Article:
FERC indicates Chelan’s hydro investments qualify for license credit

The Federal Energy Regulatory Commission recently indicated that Chelan PUD’s significant investments in powerhouse upgrades and spillway safety at the Washington State-based Rock Island Dam qualify for early action credit toward its next operating license.

FERC’s Aug. 9 determination (Project No.  943-130) marks its first early action determination under section 36 of the Federal Power Act (FPA), which was added by the America’s Water Infrastructure Act of 2018. 

The new provision requires FERC, in establishing the term of a new hydroelectric project license, to consider certain investments made by a licensee during the term of an existing project license. 

Qualifying investments under an existing license must be given equal weight with investments made by the licensee to implement a new license. 

Section 36(c) provides a procedure under which a project licensee can request a FERC determination that “any planned, ongoing, or completed investment” in the project during the term of an existing license qualifies under criteria listed in section 36(b)(2) to be considered when FERC sets the term for the project’s next license. 

The positive ruling is expected to help Chelan PUD take actions earlier that bring value for its customers and ensures FERC will consider these significant investments towards a maximum, 50-year term for Rock Island’s new license starting in 2029, the PUD noted.

“A longer license term is good for our customer-owners because it will enable Chelan PUD to contribute to decarbonizing the nation’s electric generation resources for many years to come,” said Chelan PUD General Manager Steve Wright.

Chelan filed request for determination in June

In June, Chelan PUD filed a request for determination at FERC under section 36(c) of the FPA with respect to Rock Island. The project is located near the geographical center of Washington State, on the Columbia River about 12 miles downstream from the city of Wenatchee.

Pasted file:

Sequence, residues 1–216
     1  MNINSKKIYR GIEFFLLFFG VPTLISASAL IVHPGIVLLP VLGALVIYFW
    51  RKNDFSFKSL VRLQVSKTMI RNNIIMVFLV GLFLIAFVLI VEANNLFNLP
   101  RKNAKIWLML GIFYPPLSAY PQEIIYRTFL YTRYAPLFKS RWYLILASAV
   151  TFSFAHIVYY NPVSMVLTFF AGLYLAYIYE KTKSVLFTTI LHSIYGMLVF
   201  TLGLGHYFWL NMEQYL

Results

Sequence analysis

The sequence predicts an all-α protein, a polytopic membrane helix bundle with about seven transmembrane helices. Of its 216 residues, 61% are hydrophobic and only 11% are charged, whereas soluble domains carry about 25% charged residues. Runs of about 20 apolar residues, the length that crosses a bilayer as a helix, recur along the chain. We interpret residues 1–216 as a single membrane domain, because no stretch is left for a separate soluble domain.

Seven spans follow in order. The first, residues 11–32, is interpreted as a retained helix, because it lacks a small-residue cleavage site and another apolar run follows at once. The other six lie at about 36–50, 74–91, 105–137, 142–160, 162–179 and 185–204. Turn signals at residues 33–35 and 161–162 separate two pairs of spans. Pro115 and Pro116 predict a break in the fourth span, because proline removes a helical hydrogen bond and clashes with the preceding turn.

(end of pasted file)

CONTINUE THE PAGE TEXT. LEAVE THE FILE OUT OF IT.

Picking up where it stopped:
Chelan PUD asked for a determination that project investments, not required by the existing license, made at the Rock Island Project since 1989 -- the start of the term of the existing 40-year license -- meet the criteria under subsection 36(b)(2) to be considered by FERC when it sets the term of the next license for the project. 

Chelan PUD requested early action credit for investments at Rock Island Dam that will total $710 million by 2029, “far beyond the requirements of its 1989 relicensing order,” PUD staff wrote in the application. The measures are:

  • Rebuilding Powerhouse 1 turbines and generators at a cost of $270 million
  • Rebuilding Powerhouse 2 turbines and generators estimated at $352 million
  • Investing $44 million to achieve the Habitat Conservation Plan standard of “no net impact” on salmon and steelhead from dam operations
  • Improving spillway safety with automated gate hoist operations, estimated at $4 million
  • Upgrading office, warehouse and storage facilities to increase efficiency for $40 million

FERC approved more than $600 million of the investments immediately but said more information would be needed for it to make a determination on other parts of the package.

Idea originated more than five years ago

Chelan noted that FERC historically has declined to consider early investments when establishing a new license term. 

More than five years ago, an idea cropped up, Chelan noted: What if investments made before getting a new license were recognized by FERC in determining the next license term? Project benefits could come sooner, and for longer, instead of waiting until the next license.

Chelan PUD staff kept working with hydro industry partners and lawmakers on the change in federal law that Congress eventually passed last fall establishing credit for early action in relicensing.

Chelan PUD’s Wright credited vital support from Northwest lawmakers for the success in getting the early action credit added to the FPA.